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28/06/2016 Invasive species

15 mangrove finch chicks successfully released on Isabela

The island of Isabela is now home to the third group of mangrove finch hatchlings.

Photograph of Jenny Vidler

Jenny Vidler

Former Communications & Membership Assistant at Galapagos Conservation Trust

Fifteen mangrove finches were released into their natural habitat in May of this year, thanks to funding from multiple sources including the Galapagos Conservation Trust, and a lot of hard work and determination from the Charles Darwin Research Station’s Mangrove Finch Project Team on the ground; the team spent six weeks camping in the field in order to provide round the clock attention for the fledglings.

Francesca Cunninghame©

Francesca Cunninghame©

The mangrove finch, a species endemic to Galapagos, is on the brink of extinction. The mangrove finch’s greatest threat is the presence of the parasitic larvae of the introduced fly Philornis downsi. The effects of the fly’s larvae feeding on the wild mangrove finch hatchlings has cause exceptionally high levels of mortality in wild nestlings. This has resulted in the drastic decline of mangrove finches, reducing the population to critical levels. It is estimated that there are currently only 100 individuals remaining, with fewer than 20 breeding pairs. While various control methods for Philornis downsi are being researched, the mangrove finch head-starting program began in 2014 as an attempt to immediately bolster annual fledgling success within the mangrove finch population.

To release the hatchlings, the birds were loaded into transport boxes aboard the Galapagos National Park Directorate (GNPD) vessel Sierra Negra and transported to Isabela from Santa Cruz. The birds were then kept within a specially designed aviary at Playa Tortuga Negra for three weeks. As a soft release, the captive reared fledglings were provided with natural substrates such as damp logs, bark, foliage, a thick layer leaf litter and mangrove roots in order to encourage foraging and to aid in the re-assimilation process.

playa tortuga map 5

Before they were released, all fifteen of the fledglings were fitted with miniature radio transmitters. The light-weight transmitters, weighing only 0.3g, were fitted to their base of their tails, which allowed the fledglings movements to be radio tracked for up to 18 days after their release.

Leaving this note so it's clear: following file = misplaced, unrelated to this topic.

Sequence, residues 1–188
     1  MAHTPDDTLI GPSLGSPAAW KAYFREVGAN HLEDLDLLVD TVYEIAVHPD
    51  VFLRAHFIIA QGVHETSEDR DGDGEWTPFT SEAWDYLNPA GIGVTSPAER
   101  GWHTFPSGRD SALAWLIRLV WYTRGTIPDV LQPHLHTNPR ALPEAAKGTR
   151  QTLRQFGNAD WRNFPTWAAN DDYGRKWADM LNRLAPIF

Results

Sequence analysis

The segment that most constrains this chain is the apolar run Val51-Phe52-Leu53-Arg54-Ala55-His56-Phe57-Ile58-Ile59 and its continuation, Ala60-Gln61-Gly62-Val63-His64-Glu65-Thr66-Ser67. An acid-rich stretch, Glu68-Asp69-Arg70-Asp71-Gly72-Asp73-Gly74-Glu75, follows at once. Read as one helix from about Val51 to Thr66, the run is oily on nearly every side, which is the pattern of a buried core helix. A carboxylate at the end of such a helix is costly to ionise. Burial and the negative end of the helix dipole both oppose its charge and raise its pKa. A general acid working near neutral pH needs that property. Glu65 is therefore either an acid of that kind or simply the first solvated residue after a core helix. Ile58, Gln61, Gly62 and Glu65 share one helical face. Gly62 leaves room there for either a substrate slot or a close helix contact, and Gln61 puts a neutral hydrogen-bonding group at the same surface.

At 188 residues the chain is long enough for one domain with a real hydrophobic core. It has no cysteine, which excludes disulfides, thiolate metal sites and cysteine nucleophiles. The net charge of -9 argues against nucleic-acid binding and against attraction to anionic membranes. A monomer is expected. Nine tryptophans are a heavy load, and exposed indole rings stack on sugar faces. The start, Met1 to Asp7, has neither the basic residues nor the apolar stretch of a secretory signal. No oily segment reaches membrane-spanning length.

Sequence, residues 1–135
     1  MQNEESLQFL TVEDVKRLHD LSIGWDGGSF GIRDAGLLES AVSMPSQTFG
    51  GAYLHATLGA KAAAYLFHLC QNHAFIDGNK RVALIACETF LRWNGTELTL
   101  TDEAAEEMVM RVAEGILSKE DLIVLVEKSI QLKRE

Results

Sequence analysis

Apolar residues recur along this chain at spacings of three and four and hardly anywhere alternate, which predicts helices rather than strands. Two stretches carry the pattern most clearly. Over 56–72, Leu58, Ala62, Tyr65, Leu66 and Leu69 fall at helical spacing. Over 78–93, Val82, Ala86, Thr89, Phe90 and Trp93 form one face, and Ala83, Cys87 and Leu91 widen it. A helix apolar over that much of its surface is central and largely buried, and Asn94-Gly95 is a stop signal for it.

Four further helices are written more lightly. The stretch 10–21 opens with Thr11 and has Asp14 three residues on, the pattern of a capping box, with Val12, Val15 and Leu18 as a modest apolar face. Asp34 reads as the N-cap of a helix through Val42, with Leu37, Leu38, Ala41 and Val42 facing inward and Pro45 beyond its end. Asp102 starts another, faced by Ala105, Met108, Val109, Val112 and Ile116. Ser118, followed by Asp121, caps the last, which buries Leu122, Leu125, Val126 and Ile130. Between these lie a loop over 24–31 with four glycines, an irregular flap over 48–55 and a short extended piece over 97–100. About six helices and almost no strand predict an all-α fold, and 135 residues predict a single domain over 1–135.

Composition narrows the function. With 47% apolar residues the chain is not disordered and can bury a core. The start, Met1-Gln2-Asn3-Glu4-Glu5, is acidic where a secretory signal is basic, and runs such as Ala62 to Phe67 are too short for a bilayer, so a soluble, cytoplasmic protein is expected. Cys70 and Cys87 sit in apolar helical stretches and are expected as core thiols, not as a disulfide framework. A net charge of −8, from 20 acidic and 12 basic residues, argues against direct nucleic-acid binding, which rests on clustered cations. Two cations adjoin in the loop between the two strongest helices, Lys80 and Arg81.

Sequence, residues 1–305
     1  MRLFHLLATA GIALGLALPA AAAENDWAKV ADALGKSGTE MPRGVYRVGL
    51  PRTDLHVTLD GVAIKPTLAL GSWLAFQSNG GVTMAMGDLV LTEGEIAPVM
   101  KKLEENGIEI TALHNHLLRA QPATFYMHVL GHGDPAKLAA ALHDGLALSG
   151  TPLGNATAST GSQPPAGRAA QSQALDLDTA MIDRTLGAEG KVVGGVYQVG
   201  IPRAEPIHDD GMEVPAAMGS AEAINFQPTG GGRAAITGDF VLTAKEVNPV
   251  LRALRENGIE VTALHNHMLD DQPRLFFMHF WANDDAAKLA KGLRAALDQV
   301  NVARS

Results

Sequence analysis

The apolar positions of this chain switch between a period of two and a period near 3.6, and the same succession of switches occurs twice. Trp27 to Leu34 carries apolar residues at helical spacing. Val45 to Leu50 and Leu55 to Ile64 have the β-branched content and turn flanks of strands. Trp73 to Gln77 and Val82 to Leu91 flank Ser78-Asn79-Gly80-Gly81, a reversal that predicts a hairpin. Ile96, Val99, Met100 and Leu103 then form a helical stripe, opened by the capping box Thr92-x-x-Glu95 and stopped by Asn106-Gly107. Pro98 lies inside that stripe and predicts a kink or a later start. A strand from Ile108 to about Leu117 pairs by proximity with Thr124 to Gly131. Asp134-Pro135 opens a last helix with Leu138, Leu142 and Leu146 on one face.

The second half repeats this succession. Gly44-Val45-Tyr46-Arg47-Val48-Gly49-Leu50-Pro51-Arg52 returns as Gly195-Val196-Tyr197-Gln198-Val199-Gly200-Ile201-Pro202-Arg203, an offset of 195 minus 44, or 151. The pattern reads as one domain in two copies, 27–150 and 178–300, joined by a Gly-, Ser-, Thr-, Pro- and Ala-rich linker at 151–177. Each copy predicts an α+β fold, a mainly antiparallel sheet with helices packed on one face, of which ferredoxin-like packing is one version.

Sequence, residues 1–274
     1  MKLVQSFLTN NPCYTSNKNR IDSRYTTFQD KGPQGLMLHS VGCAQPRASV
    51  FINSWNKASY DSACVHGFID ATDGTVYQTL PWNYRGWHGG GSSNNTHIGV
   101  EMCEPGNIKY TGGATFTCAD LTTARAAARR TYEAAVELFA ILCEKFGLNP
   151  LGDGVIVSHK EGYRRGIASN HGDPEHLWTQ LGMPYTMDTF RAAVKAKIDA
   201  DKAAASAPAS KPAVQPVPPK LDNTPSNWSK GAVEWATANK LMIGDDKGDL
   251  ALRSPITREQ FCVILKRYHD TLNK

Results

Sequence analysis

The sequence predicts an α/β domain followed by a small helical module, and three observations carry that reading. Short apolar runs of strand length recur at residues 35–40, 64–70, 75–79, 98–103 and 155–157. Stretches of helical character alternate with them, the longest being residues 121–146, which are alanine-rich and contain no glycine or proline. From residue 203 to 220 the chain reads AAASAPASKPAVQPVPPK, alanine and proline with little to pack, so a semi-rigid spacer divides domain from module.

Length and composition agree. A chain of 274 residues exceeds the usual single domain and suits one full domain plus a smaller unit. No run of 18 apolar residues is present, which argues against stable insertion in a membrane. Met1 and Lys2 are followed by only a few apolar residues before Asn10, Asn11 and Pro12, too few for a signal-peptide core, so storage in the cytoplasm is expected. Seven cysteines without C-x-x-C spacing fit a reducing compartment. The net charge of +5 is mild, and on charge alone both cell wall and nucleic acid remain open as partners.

On April 26, the aviary doors were opened and the birds were free to explore their natural habitat.

In the following days, essential information was transmitted back to the team, showing that the fledglings maintained similar dispersal and foraging behaviour to both wild-reared and captive-reared mangrove finch fledglings from the previous seasons. Monitoring efforts showed that the fledglings maintained similar dispersal and foraging behaviour to both wild-reared and captive-reared mangrove finch fledglings from the previous seasons. For the majority of the time, the fledglings stayed within the mangrove forest at PTN, and were found interacting with both adults and juvenile mangrove finches. Surprising results from the trackers showed the team that eight individuals travelled as far as 1.5km away from the aviary, crossing the surrounding lava fields to forage in arid zone vegetation. The transmitters were removed from the finches returning to the aviary.

Francesca Cunninghame©

Francesca Cunninghame©

The breeding season of 2016 was particularly challenging for the mangrove finches. The breeding season generally occurs until late April or May, however, this year no mangrove finch nesting occurred later than March due to the dry weather conditions. The shortening of the breeding season made the chances for reproduction slimmer than previous years.

Obtaining observations of juvenile non-breeding mangrove finches is exceptionally challenging due to their shy nature. For this project to succeed fully, the captive-reared birds must adapt into the wild breeding population, and subsequently increase the population size of this critically endangered species. However, in May, three juveniles that were captive-reared in 2014 and 2015 were observed, demonstrating the captive-reared mangrove finches are capable of surviving long-term in the wild. These sightings prove the effectiveness of the project, which is great news for all involved.

Francesca Cunninghame©

Francesca Cunninghame©

With this past month marking the release of the third group of captive-reared fledglings since 2014, a total of 36 mangrove finches have now been released into the wild. The team are hopeful that in future years, captive-reared birds may be observed nesting, increasing the population of mangrove finches one bird at a time. Great news for conservation, the Islands, and future generations!

The Mangrove Finch Project is a bi-institutional project carried out by the Charles Darwin Foundation and Galapagos National Park Directorate in collaboration with San Diego Zoo Global and Durrell Wildlife Conservation Trust. The project is supported by Galapagos Conservation Trust, Marguerite Griffith-Jones, GESS Charitable Trust, and Decoroom Limited, The Leona M. and Harry B. Helmsley Charitable Trust, the Swiss Friends of Galapagos, Fondation Ensemble, the Holbeck Trust and several individual donors.

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